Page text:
Truth, Torture, and the American Way: The History and Consequences of U.S. Involvement in Torture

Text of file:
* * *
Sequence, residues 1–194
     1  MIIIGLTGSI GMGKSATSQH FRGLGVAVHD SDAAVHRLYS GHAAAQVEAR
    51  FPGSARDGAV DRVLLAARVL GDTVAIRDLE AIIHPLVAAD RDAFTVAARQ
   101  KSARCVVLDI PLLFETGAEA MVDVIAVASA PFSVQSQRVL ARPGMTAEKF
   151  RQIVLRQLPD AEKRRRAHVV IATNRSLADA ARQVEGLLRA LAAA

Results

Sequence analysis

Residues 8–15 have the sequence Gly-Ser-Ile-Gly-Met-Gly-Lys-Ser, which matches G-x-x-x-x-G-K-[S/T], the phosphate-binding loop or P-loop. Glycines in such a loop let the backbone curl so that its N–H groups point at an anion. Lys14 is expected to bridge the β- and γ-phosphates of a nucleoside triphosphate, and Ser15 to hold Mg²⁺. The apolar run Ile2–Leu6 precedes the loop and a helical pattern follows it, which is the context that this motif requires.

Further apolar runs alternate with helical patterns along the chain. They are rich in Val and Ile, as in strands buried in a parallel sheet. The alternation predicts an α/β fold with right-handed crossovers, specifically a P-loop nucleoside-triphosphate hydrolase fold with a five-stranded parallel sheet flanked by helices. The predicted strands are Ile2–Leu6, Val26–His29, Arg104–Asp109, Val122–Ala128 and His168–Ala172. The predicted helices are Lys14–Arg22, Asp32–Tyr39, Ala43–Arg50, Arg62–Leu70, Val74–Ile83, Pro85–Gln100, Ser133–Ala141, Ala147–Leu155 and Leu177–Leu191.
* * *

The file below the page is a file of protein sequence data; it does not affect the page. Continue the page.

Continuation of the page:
When torture photos from Abu Ghraib became public in spring 2004, Americans reacted with revulsion: how could our military commit such horrible acts? In fact, Harbury's well-documented volume reveals, American representatives abroad have been involved in torture for decades, much of it in Central America, where U.S. agents apparently encouraged the kidnapping, maltreatment and murder of left-wing fighters and their suspected sympathizers. Harbury's own husband became one of the Guatemalan victims-she described his fate in Searching for Everardo-and this new volume alludes to his story repeatedly. Its central chapter compiles testimony from Latin American torture survivors, making a case for U.S. involvement in ""torture by proxy."" Harbury accompanies her evidence with passionate if unsurprising denunciations, calling torture not just inhumane and illegal but ineffective: since tortured suspects confess to anything, she says, their statements may be worth nothing. Making use of her Harvard Law training, Harbury suggests legal avenues through which even federally sanctioned torturers may be held responsible. If her book holds few surprises for those who have followed these stories closely, its cases will certainly stoke the fires of outrage. Radio host Amy Goodman, of Pacifica's Democracy Now program, contributes a foreword (not seen by PW).